Monday, June 18, 2012

An interview of Avi Wigderson

Q: Do you consider yourself a Mathematician or a Computer Scientist?
A: Both. It is very clear that Theoretical Computer Science is a mathematical field. We prove theorems. The reason why we are in Computer Science is that the main mathematical object that we study is computation.
Q: How did you get interested in this?
A: In college, in computer science, the best teachers I had were in theoretical computer science, for example Shimon Even. I was also into Math beforehand.
Q: Why did you decide to do a PhD?
A: I didn't come from an academic background, but all the good students in my class went on to do a PhD, so I followed their example. Once, as a PhD student, I realized what research was, I knew that that was what I wanted to do. Dick Lipton, in Princeton, was my advisor. He's the most amazing guy. He was changing his field of interest almost every month, and I was following along and learning many things.
Q: What was your first research project?
A: An efficient algorithm to sqrt{n}-color 3-chromatic graphs. I also worked on succinct graph representations, cryptography, VLSI layout and parallel computing in collaboration with other PhD students.

Q: How do you work with your graduate students?
A: In the last decade I have been working mostly with postdocs, so I'll talk mainly about my time at the Hebrew University.
I don't let them wander off. I keep in constant touch with them. I started off as a young faculty member at the Hebrew University with an excellent group of 4 graduate students. We'd meet and talk. I like talking, as you know. They were into different types of problems, and we often learned an area together.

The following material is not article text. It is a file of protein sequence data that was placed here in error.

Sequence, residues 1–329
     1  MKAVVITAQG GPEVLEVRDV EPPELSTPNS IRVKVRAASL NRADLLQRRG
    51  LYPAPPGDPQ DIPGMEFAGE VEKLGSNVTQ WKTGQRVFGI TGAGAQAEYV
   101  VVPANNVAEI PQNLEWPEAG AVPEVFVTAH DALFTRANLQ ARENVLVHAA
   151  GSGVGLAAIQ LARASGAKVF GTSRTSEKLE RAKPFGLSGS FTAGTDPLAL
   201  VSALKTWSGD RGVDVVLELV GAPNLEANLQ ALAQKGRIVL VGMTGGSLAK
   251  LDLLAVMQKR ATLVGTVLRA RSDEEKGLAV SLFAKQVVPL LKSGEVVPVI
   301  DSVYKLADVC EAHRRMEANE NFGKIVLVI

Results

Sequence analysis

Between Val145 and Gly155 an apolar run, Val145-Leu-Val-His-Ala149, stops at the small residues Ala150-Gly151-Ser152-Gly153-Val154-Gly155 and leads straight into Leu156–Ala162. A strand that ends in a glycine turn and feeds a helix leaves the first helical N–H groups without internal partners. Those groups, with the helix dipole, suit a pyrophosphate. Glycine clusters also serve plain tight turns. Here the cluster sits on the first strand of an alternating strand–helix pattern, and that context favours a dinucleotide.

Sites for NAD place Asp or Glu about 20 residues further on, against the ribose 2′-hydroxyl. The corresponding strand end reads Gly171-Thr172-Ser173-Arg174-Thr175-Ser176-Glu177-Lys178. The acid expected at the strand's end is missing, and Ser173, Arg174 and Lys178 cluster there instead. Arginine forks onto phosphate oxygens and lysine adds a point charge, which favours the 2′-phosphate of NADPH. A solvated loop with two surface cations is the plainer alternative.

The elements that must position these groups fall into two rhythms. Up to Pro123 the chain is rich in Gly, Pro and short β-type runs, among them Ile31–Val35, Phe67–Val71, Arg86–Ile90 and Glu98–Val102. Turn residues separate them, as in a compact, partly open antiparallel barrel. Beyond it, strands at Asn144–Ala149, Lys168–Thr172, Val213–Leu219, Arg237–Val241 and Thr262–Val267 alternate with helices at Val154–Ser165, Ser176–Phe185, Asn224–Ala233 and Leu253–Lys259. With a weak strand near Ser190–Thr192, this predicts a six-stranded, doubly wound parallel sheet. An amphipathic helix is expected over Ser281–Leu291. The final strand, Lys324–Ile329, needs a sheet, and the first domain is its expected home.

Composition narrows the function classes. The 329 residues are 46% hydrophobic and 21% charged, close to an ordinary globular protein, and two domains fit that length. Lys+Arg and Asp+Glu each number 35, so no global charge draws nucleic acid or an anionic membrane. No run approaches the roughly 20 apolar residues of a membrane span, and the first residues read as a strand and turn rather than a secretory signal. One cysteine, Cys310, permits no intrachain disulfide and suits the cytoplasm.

Q: Would you have advice for first year graduate students?
A: I would advise them to do things that they really like, things that they develop a passion for. There are students who try to find "hot" topics, others who try to find topics on which there won't be the stress of competition, but those are secondary reasons.
Q: How do you get your beginning students started with research?
A: I give them a bunch of papers in different areas that they might be interested in. Then I ask them: What did you feel? What are you most attracted to? Then we discuss the ones they liked and try to think of related problems in these areas.

Q: What makes a question a "good" research question?
A: I like a technical challenge, when the usual attempts don't work. More precisely, I like problems for which natural-to-apply techniques don't provide the answer. Then there is "taste". Taste is hard to define. I am usually motivated by some higher goal of understanding, so that the question is part of a journey towards some bigger goal to which it is potentially related. Sometimes I also simply develop trust in the taste of my friends. You know that, of course: if, say, Alistair Sinclair comes to you with a problem to work on, you'll be happy to work on it even if you yourself do not quite see immediately why he likes it or the larger context in which it fits.
Q: What is your favorite result in your own work?
A: Zero-knowledge. It's so much fun explaining it to people. It's very rewarding.
Q: Practical impact. What would you say about that?
A: It's not a strong motivating force for me. Many of the questions I study are fundamental in nature. The intellectual challenge is my primary motivation. Of course, in our field, I believe there is a strong correlation between fundamental questions and practical impact (eg theoretically defining and understanding computationally such basic notions of "secret", "knowledge", "randomness", "learning", "proof" yielded great benefits, both intellectual and practical)

Q: How much time do you spend reading papers?